Internet Bills to Climb for Millions of Americans as Government Subsidy Ends

by EditorK
Households used to receive discounts of $30 to $75 under the program.

People pass by a Verizon store in Chicago, on April 20, 2017. (Scott Olson/Getty Images)

Naveen Athrappully
By Naveen Athrappully

Telecom companies are notifying customers about the end of a subsidy program that provided cheap internet to Americans, which could push up internet bills for millions.

The Affordable Connectivity Program (ACP) federal initiative offered households up to $30 per month in discounts toward their internet service. For households from qualifying tribal lands, the discount went up to $75. More than 23 million households are enrolled currently.

However, the $14.2 billion in funding that Congress made available for the program is running out.

April will be the last month that ACP households will receive the full discount. In May, it will be reduced to a partial discount. After May, no more discounts will be offered if Congress does not replenish the program’s funding.

Telecom companies have been notifying ACP customers about the impending end of their discounts, with some offering alternatives.

Spectrum already makes it clear that if funding is not provided, the “ACP Internet credit you have been receiving on your monthly bill will end.” While the customer will continue receiving Spectrum service, they will have to pay the full cost.

Verizon also clarified that “all ACP benefits will end when the current funding runs out in the next few months.” Once it ends, customers can “continue on your plan at the price without the ACP subsidy or you may end your services with Verizon.”

In a statement to Nexstar news wire, Verizon said it will offer eligible households a monthly discount of up to $20 through the company’s “Verizon Forward” program. To be eligible, ACP households have to transfer an active ACP benefit to Verizon before the program ends.

A spokesperson from AT&T told the news wire that the company is pushing the administration for a more permanent solution on the issue.

The telecom company already offers low-cost internet service through its “Access from AT&T” initiative, available to households that receive benefits like SNAP and SSI. Households whose incomes are below 200 percent of federal poverty guidelines also qualify. The standard plan, costing $30 per month, comes with unlimited monthly data.

T-Mobile told Nexstar that it was getting in touch with households who will be impacted by the end of the ACP program. Like other telecom firms, T-Mobile also offers low-cost plans that could help households deal with the end of ACP discounts.

With ACP ending, many Americans now face a tough choice to cut down their expenses elsewhere to pay for higher internet bills.

“My grandkids, they make fun of me, They say I’m cheap. I go, ‘No, Grandma’s thrifty.’ I don’t have any choice; I have to account for every penny,” Cynthia George, a 71-year-old retiree, said in an interview with CNN.

“And this would mean that that food bill would have to be cut down. There’s no place else I would be able to take it from.”

Households Struggle

According to a survey by Benenson Strategy Group in collaboration with Comcast, “there is widespread concern that loss of the ACP would mean job losses and losing access to health care” for households benefiting from the program.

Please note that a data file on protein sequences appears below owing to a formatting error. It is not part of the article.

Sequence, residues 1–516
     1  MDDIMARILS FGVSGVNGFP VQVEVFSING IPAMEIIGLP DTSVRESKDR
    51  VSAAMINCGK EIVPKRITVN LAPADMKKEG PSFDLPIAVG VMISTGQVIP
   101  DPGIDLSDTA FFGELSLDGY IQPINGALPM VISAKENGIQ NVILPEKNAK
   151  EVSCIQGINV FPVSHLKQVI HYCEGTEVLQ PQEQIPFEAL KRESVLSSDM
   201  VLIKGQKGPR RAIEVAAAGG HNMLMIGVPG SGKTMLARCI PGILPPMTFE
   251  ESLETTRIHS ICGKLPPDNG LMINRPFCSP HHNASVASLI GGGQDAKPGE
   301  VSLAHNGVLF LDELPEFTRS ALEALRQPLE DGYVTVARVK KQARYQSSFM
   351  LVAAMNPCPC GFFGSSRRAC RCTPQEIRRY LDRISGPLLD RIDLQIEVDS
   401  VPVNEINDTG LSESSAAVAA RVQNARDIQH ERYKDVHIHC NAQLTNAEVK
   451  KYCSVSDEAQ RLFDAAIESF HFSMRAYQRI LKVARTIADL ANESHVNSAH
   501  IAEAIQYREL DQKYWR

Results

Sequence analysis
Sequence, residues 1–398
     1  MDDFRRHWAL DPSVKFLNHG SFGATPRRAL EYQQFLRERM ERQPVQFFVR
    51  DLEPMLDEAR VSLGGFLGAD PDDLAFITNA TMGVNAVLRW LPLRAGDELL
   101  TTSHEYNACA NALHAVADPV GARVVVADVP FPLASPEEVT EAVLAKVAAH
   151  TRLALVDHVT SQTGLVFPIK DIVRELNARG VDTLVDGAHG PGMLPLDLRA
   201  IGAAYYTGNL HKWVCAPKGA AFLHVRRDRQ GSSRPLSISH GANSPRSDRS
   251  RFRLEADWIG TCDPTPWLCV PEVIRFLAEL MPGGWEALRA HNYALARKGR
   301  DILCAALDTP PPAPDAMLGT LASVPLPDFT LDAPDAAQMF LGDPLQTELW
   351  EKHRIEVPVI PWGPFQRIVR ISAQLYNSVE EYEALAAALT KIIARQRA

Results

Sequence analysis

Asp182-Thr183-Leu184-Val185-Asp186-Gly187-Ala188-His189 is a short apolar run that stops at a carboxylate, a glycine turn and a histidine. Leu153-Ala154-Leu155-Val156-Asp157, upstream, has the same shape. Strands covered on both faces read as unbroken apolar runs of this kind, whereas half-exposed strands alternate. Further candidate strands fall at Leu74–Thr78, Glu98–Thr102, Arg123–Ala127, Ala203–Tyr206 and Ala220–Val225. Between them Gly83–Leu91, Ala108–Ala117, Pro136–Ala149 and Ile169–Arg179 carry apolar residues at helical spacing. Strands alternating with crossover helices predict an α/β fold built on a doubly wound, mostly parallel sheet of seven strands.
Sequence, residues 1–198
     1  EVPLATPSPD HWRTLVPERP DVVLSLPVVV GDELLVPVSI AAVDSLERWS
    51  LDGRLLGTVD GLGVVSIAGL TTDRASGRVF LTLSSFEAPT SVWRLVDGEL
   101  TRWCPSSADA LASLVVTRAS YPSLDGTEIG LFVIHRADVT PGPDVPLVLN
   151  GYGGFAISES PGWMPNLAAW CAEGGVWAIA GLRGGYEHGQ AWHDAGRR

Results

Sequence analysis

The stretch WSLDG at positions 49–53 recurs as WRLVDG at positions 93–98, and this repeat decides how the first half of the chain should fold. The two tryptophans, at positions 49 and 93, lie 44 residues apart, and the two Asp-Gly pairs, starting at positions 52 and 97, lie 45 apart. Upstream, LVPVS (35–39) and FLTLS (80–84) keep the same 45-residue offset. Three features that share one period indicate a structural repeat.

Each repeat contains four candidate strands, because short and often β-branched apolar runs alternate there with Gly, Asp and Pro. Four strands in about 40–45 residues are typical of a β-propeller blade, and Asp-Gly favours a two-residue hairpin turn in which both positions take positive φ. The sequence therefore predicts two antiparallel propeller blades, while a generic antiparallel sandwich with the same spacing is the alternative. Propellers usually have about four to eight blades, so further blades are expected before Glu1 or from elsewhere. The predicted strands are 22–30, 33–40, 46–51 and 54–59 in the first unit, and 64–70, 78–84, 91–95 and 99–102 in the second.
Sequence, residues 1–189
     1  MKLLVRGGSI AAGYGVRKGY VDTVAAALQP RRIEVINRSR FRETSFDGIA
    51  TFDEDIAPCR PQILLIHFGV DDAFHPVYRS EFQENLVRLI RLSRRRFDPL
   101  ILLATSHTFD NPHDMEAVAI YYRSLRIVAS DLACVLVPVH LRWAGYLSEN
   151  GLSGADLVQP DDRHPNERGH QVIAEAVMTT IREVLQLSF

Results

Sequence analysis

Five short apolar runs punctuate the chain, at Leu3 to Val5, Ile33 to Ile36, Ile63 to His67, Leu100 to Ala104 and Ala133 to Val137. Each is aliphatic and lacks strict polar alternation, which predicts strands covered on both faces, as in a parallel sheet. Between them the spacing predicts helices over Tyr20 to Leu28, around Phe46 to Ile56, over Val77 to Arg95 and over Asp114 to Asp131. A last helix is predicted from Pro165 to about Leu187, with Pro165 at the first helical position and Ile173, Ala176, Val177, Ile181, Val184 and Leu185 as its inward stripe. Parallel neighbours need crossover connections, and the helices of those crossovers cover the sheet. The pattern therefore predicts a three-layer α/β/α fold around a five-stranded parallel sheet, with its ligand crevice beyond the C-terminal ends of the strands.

“65 percent of ACP Participants fear losing their job or their household’s primary source of income … 75 percent of ACP Participants fear losing access to important healthcare services, like online appointments or prescription medicine refills … 81 percent of ACP parents worry about their children falling behind in school.”

Among ACP demographics, 49 percent were found to be military families, 19 percent were households with seniors, and 26 percent were located in rural areas.

“School REQUIRES internet access. The days of a book for each subject, worksheets, and a pen or pencil are gone. Some [kids’] parents cannot afford the costly internet or it’s at least bottom of the ‘important bills.’ However, every child in school NEEDS internet connection. It is the most important factor for children in school,” a single mom said in the survey.

A December 2023 survey by the Federal Communications Commission (FCC) found that 77 percent of respondents may be forced to change their internet plans or drop the service entirely if they lose ACP benefits.

According to the Benton Institute for Broadband & Society, Americans sent over 280,000 phone calls, emails, and social media posts to Congress by late January, asking lawmakers to support funding for ACP.

“The internet is no longer optional—it’s essential. Without broadband, our local communities cannot access opportunities in education, and employment, nor speak out online and exercise their First Amendment rights,” said Jenna Leventoff, senior policy counsel at the American Civil Liberties Union (ACLU).

“Households who struggle to afford broadband shouldn’t have to sacrifice other necessities to stay connected. The Affordable Connectivity Program has proved to be so necessary that it is facing a funding cliff. But, the Affordable Connectivity Program Extension Act could stop families from falling off. We are grateful to the bill sponsors for looking out for families in need.”

The Affordable Connectivity Program Extension Act was introduced in January and seeks to add $7 billion in additional funds to the ACP while lawmakers consider making permanent fixes.

Naveen Athrappully is a news reporter covering business and world events at The Epoch Times.

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